Georgia lesbian takes potentially historic case to federal court
Jameka Evans appealing ruling in discrimination case against Georgia Regional Hospital
By PATRICK SAUNDERS
A downtown Atlanta courtroom was the scene of a Dec. 15 hearing in a case that could change the landscape for LGBT employees across the country. A panel of three judges with the U.S. Eleventh Circuit Court of Appeals heard arguments in Lambda Legal’s case on behalf of Jameka Evans, a Savannah security guard who was forced to leave her job because she is a lesbian. The Eleventh Circuit is a federal court with jurisdiction over the district courts in Georgia, Florida and Alabama.
Evans v. Georgia Regional Hospital is the latest Title VII case, in which (typically) LGBT and progressive legal groups like Lambda Legal and the ACLU argue that discrimination based on their client’s sexual orientation should be ruled a violation of Title VII of the Civil Rights Act of 1964, which includes a provision that prohibits discrimination based on the sex of an individual. The Eleventh Circuit agreed with Lambda Legal’s argument in 2011 that the Georgia General Assembly violated Title VII when Vandy Beth Glenn was fired for being transgender.
“The overall news is I think we’ll win — eventually,” said Greg Nevins, Lambda Legal Counsel and Workplace Fairness Program Director, in comments following the hearing. “This was just to get her day in court.”
Chai Feldblum, a commissioner with the Equal Employment Opportunity Commission, was on hand as well, saying, “When the Civil Rights Act passed in 1964, it should have been clear right there that it covered gay people and trans people.” Feldblum, who is the EEOC’s first openly lesbian commissioner, added that when it comes to getting LGBT people covered under Title VII, “we are now in an era of legal correction.”
Landmark interracial marriage ruling cited
Evans filed the lawsuit in the U.S. District Court for the Southern District Court “It is heartbreaking to know that no matter how good I was at my job, being a lesbian with a short haircut meant I would never be good enough. I’m here today because I believe you shouldn’t be afraid of being fired simply because of who you are and who you love.” of Georgia in April 2015, arguing that Georgia Regional Hospital violated Title VII by discriminating against her because of her sexual orientation and her nonconformity with gender norms of appearance and demeanor.
In her complaint, Evans alleged that she was targeted by her workplace supervisor “for termination due to the fact that [she] do[es] not carry [her]self in a traditional woman manner” and because she is a self-described “gay female” and “… it is evident [she] identif[ies] with the male gender because [she] presented [her]self visually (male uniform, low male haircut, shoes, etc.).” Evans further alleged that she was “punished because [her] status as a gay female did not conform to [her] department head’s … gender stereotypes associated with women.”
The district court dismissed Evans’ complaint, arguing that Title VII doesn’t protect employees from such discrimination. Lambda Legal filed an appeal with the Eleventh Circuit in January, stating in their brief that the district court’s ruling must be reversed because the court’s conclusion that Evans cannot bring a Title VII claim based on discrimination against her due to her sexual orientation, gender-nonconforming appearance and demeanor conflicts with decisions of the Supreme Court, the Eleventh Circuit court and other federal courts, and the EEOC.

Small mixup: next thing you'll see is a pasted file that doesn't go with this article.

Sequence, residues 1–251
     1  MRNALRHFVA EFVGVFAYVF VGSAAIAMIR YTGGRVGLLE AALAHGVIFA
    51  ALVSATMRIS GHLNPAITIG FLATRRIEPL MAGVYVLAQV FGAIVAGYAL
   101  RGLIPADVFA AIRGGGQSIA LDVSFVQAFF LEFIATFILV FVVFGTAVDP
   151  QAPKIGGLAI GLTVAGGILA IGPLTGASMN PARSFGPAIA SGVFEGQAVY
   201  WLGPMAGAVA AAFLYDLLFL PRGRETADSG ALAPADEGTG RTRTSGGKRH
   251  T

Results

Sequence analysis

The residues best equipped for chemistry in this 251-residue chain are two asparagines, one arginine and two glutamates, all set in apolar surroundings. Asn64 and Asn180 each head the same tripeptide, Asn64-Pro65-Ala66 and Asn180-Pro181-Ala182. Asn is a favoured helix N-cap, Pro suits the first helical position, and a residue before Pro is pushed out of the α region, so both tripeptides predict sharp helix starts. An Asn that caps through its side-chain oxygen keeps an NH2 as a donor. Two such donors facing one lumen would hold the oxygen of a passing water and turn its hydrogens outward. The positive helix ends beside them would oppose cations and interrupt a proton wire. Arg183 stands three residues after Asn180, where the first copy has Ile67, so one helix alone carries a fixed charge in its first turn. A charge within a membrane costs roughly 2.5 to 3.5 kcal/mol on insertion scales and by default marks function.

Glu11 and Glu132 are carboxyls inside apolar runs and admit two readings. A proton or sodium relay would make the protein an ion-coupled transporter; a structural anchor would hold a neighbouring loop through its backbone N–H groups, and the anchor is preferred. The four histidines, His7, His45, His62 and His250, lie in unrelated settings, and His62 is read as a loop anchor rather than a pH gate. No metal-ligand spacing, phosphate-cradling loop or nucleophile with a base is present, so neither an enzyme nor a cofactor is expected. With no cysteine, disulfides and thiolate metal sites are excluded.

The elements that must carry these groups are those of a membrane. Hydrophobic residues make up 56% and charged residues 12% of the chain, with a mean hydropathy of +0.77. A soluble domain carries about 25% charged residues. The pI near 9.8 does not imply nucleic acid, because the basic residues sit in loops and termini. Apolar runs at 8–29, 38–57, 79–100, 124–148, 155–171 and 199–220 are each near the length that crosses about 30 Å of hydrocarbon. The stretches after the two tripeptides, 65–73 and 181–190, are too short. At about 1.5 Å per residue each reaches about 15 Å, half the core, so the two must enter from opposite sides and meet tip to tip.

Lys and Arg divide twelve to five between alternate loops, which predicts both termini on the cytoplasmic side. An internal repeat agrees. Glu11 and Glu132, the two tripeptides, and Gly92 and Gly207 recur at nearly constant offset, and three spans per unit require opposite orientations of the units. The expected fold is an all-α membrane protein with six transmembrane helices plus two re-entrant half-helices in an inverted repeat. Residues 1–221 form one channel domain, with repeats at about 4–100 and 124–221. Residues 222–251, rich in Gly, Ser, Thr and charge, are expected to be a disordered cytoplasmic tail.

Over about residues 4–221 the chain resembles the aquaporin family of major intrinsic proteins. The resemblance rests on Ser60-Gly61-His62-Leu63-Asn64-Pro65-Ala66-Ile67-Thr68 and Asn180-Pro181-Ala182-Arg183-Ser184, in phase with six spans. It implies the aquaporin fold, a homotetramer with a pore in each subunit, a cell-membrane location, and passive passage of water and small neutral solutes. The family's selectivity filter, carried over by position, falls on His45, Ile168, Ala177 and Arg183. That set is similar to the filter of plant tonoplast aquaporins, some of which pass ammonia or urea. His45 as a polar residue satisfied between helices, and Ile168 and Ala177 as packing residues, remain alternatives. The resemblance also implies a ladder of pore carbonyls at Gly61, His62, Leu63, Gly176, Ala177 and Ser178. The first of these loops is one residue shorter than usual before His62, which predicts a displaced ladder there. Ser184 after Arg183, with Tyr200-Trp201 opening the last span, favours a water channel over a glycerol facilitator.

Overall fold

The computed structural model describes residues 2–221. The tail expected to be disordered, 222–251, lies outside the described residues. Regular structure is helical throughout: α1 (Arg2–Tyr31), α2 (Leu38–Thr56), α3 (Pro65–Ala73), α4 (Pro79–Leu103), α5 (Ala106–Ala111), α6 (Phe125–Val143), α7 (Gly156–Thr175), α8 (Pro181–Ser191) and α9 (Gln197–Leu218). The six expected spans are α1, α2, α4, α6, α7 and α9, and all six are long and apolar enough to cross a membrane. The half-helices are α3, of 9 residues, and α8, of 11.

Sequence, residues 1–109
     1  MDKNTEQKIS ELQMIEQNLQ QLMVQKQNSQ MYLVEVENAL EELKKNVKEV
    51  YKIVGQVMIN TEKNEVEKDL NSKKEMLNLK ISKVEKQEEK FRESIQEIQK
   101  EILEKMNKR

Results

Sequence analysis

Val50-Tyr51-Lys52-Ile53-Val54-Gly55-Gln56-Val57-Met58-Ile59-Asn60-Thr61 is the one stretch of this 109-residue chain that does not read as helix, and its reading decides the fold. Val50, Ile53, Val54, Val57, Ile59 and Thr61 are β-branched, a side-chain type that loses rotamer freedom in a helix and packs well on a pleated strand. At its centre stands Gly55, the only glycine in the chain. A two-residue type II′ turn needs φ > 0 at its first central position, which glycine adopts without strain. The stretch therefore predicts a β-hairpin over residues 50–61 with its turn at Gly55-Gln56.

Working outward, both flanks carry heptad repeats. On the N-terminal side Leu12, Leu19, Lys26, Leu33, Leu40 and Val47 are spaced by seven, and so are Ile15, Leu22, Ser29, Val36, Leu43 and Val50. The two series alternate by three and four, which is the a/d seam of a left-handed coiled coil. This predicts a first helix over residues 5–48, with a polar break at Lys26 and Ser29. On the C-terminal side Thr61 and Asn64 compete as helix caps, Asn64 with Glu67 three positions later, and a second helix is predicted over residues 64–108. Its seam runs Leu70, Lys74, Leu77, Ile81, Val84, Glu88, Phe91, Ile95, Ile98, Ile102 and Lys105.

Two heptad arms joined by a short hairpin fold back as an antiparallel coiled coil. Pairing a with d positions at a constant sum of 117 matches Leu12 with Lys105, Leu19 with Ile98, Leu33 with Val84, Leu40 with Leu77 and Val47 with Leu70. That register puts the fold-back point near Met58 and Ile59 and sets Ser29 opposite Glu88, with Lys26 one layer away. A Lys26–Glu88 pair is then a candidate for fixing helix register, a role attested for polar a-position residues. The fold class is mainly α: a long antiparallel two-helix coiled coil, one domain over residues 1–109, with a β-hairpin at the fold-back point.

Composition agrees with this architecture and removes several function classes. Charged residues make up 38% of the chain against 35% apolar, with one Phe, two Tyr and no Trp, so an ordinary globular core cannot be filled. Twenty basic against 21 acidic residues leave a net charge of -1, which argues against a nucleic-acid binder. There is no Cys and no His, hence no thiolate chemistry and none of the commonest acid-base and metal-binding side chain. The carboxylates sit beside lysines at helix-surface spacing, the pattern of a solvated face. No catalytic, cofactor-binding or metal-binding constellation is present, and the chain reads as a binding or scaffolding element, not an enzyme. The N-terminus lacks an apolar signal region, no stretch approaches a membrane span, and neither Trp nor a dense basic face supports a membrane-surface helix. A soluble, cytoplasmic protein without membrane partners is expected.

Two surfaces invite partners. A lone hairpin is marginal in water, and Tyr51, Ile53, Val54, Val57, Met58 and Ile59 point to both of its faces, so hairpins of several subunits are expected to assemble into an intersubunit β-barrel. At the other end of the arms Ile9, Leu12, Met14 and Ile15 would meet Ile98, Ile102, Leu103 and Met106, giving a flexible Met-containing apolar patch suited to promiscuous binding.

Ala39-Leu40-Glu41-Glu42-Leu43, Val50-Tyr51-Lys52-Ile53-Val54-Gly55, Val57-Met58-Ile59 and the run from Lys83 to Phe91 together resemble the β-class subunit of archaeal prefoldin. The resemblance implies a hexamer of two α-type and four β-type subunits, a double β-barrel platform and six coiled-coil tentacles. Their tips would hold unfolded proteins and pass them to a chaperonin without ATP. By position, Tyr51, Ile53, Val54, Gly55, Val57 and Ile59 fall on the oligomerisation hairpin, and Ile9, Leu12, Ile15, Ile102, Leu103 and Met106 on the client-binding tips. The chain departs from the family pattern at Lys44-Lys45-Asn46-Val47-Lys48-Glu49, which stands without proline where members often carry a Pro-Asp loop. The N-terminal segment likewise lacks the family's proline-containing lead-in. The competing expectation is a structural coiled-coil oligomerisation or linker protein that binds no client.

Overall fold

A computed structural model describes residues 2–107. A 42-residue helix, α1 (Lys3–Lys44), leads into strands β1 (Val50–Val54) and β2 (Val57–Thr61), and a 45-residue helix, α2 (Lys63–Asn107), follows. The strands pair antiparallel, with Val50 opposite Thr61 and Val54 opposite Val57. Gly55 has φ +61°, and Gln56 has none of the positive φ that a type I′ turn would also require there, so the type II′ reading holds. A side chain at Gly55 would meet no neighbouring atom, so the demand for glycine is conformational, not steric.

“Numerous Supreme Court cases hold … that Title VII is violated when an employee suffers mistreatment that would not have occurred had the employee been of the other sex,” Lambda Legal stated in Evans’ appeal. “It is now settled law that Title VII prohib- its discrimination based on gender-nonconformity and there is no justification for immunizing such discrimination if the gender non-conforming trait is an employee’s attraction to those of the same sex rather than a different sex. Even more fundamentally, when a woman is fired for her romantic interest in women while men are not, it is plain that discrimination ‘because of such individual’s … sex’ has occurred.”
Evans’ attorneys also cited the court’s landmark decision Loving v. Virginia, which held that discrimination against an employee in an interracial marriage is discrimination based on the employee’s race.
“Because Title VII treats all covered traits the same, discrimination against a woman in a relationship with a woman must be discrimination because of her sex if she would not have been treated adversely if her relationship had been with a man,” the appeal stated.
‘It is sex stereotyping and against the law’
Thursday’s hearing was the group’s first crack at arguing their case in federal court. Georgia Regional Hospital chose not to present its arguments.
“For too long, LGBT employees have been forced to hide who they are at work for fear of backlash and discrimination. It is time for employers to recognize that discrimination on the basis of sexual orientation is a form of sex discrimination, and is unlawful,” Nevins said in a statement issued after the hearing. “Georgia Regional Hospital targeted Jameka Evans for harassment and eventually forced her out of her job because she is a lesbian who doesn’t fit an employer’s stereotype about who women are — that is sex stereotyping and against the law.”
Evans said, “My supervisor at Georgia Regional Hospital did not like that I was a lesbian who didn’t fit his stereotype of how a woman should look. It is heartbreaking to know that no matter how good I was at my job, being a lesbian with a short haircut meant I would never be good enough. I’m here today because I believe you shouldn’t be afraid of being fired simply because of who you are and who you love.”
It is unclear when the three-judge panel will issue its ruling.
December 23, 2016